If Gabby Petito Was A Person Of Color, Would Anyone Have Cared – Sadly, Probably Not

Photo: gabspetito / Instagram / Twitter 
Gabby Petito, Missing Black Women

Since the disappearance of Gabby Petito, the case has resulted in massive news coverage and a frenzy in different social media theories on what exactly happened after Petito was reported missing while on a roadtrip with her fiancé, Brian Laundrie.

Of course Gabby Petito’s case is heartbreaking, but for people of color, it’s hard to see why this case was regarded with such national coverage compared to other missing persons cases — especially involving racial minorities.

Why aren't missing people of color given the same attention as Gabby Petito? 

In Wyoming, the same state where Petito went missing, there are cases of over 700 Indigenous people that have been reported missing in the past decade, and yet their stories have not received the same attention and fervor. 

Between 2011-2020, many Indigenous girls have been reported missing, 85% were children, while 57% were women. 

In the timeframe in which Indigenous people go missing, 50% are found within one week, while 21% remain missing for 30 days or longer. Compared to 11% of white people who only remain missing for the same amount of time.

Prior to the discovery of what officials are saying is Petito’s body, the search for her focused mainly within the national parks, which was close to the Wind River Indian Reservation.

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Indigenous people in Wyoming have been reported missing in 22 out of the state’s 23 counties, which should make it a state-wide problem that deserves the same amount of media attention as Petito, and maybe even more.

It was also found that only 30% of Indigenous homicide victims made the news, compared to 51% of white victims.

Though, when Indigenous people do make the news, their coverage is almost too graphic, compared to how white homicide victims are treated in the media. 

After immense pressure from Indigenous persons movements in Wyoming, demanding for more action to be done regarding increased attention to their cases, Governor Mark Gordon created the Missing and Murdered Indigenous Persons Task Force in 2019. If the establishment of the task force has led to any significant changes, it’s hard to tell, although it’s despicable that actions weren’t taken sooner.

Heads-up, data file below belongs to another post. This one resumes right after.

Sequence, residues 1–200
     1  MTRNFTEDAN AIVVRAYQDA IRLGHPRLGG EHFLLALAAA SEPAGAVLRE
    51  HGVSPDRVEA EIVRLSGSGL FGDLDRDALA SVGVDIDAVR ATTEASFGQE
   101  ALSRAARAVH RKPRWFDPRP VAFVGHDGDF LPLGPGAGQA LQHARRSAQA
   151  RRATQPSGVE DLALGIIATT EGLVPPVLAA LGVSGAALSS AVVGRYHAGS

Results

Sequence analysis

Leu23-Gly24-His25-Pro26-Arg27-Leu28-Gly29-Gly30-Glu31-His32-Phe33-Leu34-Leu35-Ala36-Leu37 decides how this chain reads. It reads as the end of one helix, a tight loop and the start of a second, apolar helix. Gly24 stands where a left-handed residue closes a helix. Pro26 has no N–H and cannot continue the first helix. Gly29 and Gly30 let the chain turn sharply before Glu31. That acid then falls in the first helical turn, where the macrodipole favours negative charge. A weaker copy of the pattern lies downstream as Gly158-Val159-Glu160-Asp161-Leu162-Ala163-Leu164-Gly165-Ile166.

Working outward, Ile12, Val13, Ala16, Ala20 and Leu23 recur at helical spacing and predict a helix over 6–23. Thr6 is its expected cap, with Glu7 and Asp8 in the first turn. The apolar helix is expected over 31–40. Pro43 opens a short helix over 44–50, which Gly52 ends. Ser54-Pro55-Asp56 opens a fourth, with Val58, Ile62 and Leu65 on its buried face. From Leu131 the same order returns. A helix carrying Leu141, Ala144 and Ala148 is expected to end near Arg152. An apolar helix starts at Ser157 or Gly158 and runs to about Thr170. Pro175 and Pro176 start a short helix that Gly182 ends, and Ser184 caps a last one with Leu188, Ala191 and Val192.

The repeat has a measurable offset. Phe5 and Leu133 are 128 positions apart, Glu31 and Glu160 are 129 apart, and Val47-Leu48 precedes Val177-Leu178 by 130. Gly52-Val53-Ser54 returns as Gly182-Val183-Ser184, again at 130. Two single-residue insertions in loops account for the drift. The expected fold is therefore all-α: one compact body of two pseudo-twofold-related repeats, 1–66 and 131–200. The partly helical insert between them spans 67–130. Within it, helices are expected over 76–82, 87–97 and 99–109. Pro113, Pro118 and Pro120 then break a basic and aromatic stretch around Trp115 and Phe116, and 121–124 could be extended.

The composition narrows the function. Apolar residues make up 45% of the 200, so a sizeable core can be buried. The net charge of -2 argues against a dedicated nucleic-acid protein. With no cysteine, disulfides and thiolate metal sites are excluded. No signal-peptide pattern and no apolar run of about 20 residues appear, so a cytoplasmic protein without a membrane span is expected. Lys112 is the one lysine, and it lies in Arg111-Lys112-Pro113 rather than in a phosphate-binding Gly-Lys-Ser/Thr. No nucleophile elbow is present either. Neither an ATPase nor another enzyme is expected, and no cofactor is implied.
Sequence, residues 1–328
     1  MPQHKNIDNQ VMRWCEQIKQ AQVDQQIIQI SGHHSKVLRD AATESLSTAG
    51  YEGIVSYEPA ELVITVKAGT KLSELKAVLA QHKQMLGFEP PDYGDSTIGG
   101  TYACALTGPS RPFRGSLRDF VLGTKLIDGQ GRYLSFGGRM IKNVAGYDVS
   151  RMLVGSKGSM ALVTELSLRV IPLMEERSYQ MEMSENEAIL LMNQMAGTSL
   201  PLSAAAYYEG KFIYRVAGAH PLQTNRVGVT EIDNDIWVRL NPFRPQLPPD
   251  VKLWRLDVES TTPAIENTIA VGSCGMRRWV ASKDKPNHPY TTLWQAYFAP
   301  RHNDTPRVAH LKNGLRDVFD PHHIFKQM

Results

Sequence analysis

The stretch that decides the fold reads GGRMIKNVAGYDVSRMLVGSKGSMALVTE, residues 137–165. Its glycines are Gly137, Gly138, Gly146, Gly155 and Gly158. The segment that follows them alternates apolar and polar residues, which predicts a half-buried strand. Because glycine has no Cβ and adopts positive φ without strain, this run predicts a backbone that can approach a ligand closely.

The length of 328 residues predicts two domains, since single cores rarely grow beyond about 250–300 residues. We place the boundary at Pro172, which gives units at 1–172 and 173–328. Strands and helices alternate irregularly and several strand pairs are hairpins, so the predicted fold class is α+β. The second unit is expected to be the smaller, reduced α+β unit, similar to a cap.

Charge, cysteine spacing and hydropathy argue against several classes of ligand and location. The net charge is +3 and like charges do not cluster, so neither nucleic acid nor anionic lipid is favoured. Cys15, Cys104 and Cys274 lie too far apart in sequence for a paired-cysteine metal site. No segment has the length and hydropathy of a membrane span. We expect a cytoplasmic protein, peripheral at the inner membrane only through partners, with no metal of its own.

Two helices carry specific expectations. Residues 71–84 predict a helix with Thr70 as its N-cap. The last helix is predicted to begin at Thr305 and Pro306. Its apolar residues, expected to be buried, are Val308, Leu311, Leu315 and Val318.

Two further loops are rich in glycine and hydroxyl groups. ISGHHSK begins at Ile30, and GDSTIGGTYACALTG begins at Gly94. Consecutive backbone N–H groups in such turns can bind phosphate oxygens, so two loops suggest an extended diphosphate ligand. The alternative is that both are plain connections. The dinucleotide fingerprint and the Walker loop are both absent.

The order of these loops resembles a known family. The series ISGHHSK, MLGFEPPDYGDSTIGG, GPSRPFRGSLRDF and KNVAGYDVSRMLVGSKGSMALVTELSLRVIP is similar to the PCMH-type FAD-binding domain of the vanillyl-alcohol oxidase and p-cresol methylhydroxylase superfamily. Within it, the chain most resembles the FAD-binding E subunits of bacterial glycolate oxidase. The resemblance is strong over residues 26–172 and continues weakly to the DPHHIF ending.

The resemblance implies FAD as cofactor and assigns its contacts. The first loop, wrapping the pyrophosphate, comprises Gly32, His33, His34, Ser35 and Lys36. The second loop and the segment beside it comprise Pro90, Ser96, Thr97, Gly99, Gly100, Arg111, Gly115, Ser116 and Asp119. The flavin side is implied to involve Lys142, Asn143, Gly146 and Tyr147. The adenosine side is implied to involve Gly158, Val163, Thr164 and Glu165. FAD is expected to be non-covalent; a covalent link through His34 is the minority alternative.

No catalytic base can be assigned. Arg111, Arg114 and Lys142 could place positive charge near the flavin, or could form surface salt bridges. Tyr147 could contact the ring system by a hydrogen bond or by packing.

Missing people of color deserve the same attention as Gabby Petito.

Petito's disappearance is being discussed in police stations, in TikTok videos, in Tweets and across Facebook.

This kind of attention can unearth crucial evidence that could save the lives of missing people of color or at least bring them justice. 

Simply raising awareness about people of color can help counteract the high rates of these disappearances. 

Missing Black people also get alarmingly low media coverage.

Black people make up 13.4% of the American population, and yet it’s shown that 33.8% of reports in 2019 were for missing Black people.

Black people go missing at a rate three times higher than expected based on population numbers, and many of the reasons fall on the oppressive systems that are put into place. Ranging from poverty, homelessness, and incarceration, to inequity in health and education services.

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Once a Black person goes missing though, they are a lot less likely to be found.

When a Black person’s case does get news coverage, it’s often twisted in a way that isn’t seen for white people. Black children going missing are framed as if they've just “run away,” even if the evidence and consistency of that child’s behavior doesn’t point to them being a runaway.

The runaway rhetoric is clearly used as a tactic to dismiss these missing Black children cases, meaning police probably don’t even bother to try and investigate them. 

It’s incredibly sad that cases for people like Gabby Petito are treated with priority over the many cases of people in marginalized communities who have also gone missing. 

What happened to Petito is a devastating loss, and the circumstances surrounding her case upsetting, but what about closure for the families in these marginalized communities who are still waiting for justice for their loved ones?

RELATED: Family Of Woman Who Died While On A Date With Cop Claims Police Are Trying 'Cover Up' What Really Happened

Nia Tipton is a writer living in Brooklyn. She covers pop culture, social justice issues, and trending topics. Follow her on Instagram.